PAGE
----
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BERLIN (AP) -- There's no end to Germany's resourcefulness and tenacity at this World Cup.
The Germans relentlessly wore down Argentina in the quarterfinals Friday, taking advantage of a backup goalkeeper with a late goal to tie the game 1-1 and then winning the penalty-kick shootout 4-2 as Jens Lehmann stopped two shots.
"It's a thriller, like a Hitchcock movie," coach Juergen Klinsmann said. "Obviously you're the happiest person in the world if you win it and the saddest if you lose."
The hosts had seemed headed for a devastating loss, down for the first time in the tournament and frustrated by an Argentina team that dominated possession.
Rather than getting desperate, however, the Germans pressed the attack and fortune turned their way. Argentine goalkeeper Roberto Abbondanzieri was injured in a collision with Germany's Miroslav Klose and replaced by Leonardo Franco, playing only his third national team game and his first minutes in a World Cup.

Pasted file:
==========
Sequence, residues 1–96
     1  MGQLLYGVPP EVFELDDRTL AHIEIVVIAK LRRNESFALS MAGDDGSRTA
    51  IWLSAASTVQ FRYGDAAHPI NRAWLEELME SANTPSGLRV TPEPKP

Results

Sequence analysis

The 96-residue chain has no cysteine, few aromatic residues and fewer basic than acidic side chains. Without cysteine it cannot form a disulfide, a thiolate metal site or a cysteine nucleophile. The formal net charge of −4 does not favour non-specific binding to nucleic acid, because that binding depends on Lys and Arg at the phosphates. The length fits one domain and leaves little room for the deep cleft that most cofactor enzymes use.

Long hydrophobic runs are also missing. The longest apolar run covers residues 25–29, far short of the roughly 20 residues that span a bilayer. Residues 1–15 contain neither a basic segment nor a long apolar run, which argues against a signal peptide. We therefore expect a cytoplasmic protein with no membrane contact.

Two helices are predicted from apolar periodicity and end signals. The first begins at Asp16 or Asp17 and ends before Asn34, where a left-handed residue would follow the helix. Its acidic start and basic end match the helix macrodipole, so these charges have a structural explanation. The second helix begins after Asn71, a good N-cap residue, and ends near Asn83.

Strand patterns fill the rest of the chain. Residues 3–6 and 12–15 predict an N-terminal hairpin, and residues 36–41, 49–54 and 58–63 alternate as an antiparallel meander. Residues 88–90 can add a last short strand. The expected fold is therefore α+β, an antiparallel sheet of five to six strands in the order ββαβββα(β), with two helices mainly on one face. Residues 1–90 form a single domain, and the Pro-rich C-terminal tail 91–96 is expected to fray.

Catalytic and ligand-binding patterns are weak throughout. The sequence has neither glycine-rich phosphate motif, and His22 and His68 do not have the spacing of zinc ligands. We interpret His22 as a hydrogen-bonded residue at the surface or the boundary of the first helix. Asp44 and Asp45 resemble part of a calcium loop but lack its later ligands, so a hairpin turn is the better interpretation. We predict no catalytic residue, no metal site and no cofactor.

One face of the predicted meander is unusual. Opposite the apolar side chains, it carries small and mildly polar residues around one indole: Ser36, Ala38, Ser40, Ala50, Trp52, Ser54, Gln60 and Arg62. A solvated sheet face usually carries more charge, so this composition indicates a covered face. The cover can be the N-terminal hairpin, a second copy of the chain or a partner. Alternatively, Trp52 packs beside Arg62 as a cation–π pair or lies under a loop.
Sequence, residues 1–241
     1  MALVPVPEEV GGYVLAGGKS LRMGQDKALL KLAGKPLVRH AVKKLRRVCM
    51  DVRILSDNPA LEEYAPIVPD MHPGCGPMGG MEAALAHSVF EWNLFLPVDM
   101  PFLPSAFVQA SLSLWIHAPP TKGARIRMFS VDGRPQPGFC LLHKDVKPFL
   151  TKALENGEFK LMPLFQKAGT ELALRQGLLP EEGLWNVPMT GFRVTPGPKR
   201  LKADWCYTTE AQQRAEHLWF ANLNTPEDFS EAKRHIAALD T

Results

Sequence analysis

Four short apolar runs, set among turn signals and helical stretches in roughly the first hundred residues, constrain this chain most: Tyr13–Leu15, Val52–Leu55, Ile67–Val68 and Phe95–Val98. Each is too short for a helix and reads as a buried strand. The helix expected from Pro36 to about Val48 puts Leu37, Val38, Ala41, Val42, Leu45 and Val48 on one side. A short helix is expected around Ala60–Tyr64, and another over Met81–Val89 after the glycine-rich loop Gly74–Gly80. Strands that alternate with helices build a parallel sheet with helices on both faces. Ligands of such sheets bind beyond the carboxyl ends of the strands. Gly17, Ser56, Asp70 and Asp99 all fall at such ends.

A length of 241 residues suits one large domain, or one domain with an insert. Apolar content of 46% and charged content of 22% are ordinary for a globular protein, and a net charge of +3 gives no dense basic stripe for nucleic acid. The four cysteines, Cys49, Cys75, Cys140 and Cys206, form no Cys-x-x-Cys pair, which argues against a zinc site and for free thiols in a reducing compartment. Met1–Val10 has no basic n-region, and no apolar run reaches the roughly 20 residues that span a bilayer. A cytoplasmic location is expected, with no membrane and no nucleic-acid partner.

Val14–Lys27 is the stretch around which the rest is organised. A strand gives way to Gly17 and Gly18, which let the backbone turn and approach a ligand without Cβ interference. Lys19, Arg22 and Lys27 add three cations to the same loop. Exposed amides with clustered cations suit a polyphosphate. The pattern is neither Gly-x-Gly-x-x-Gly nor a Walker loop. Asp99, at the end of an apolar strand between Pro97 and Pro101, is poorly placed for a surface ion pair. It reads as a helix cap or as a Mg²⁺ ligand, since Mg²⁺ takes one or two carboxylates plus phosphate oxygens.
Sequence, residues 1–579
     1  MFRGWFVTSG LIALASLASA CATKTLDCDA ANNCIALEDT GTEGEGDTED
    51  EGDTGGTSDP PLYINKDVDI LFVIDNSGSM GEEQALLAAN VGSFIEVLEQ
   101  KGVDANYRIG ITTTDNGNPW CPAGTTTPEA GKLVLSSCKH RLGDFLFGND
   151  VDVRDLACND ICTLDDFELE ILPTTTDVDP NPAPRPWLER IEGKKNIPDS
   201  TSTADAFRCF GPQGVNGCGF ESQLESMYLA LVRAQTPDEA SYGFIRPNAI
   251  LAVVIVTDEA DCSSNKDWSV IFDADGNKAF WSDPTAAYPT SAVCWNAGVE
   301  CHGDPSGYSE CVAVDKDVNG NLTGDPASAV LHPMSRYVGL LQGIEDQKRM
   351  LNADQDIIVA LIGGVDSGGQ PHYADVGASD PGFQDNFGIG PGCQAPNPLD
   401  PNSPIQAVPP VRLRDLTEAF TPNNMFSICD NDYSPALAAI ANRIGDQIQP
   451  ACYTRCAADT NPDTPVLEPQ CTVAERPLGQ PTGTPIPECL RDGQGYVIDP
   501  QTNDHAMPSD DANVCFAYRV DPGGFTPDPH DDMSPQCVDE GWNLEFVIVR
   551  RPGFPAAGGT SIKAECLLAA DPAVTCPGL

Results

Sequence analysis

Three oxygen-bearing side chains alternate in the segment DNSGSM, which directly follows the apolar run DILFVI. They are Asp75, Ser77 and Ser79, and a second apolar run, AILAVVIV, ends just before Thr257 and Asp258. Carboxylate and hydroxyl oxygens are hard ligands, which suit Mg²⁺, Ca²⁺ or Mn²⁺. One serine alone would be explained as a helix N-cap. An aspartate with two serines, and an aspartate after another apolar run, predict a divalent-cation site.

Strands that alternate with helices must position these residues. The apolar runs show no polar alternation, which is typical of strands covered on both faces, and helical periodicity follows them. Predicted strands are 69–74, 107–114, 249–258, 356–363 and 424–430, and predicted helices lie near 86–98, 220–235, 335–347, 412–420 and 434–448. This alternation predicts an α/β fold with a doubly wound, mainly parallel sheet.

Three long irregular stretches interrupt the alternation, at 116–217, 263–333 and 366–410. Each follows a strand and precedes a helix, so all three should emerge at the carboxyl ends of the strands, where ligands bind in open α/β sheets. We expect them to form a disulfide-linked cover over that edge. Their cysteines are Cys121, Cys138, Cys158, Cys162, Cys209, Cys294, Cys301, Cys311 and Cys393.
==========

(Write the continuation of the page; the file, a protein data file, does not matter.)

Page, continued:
Nine minutes later, in the 80th minute of the match, Germany captain Michael Ballack lofted a pass into the penalty area and substitute Tim Borowski blindly headed it across the goalmouth. Klose ducked inside Argentina captain Juan Pablo Sorin, dived toward the net and headed it past Franco into the far corner.
After a scoreless extra time, Germany grabbed a spot in the semifinals opposite the Italy-Ukraine winner by dominating the shootout against Franco, who never came close on any of the shots.
So the party heads to Dortmund on Tuesday as the hosts seek their fourth world title. Argentina heads home despite controlling the ball for most of the game.
"It was a very emotional game, worth a quarterfinal," said Argentina coach Jose Pekerman, who resigned afterward. "Argentina played like a favorite, played well, even though they lost."